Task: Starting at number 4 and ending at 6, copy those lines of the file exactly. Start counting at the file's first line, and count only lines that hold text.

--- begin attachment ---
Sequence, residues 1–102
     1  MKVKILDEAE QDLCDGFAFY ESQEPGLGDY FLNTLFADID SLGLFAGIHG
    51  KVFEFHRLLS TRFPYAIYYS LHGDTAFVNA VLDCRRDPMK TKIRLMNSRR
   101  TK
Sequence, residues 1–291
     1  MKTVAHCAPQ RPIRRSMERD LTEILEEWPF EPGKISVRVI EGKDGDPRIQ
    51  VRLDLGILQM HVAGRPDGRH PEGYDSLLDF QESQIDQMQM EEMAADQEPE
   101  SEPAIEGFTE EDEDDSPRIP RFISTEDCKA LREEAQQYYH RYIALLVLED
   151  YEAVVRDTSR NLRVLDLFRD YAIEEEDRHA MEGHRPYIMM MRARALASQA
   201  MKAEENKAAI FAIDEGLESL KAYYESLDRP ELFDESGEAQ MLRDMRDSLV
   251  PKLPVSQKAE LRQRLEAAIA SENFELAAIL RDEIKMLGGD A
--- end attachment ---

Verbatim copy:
   101  TK
Sequence, residues 1–291
     1  MKTVAHCAPQ RPIRRSMERD LTEILEEWPF EPGKISVRVI EGKDGDPRIQ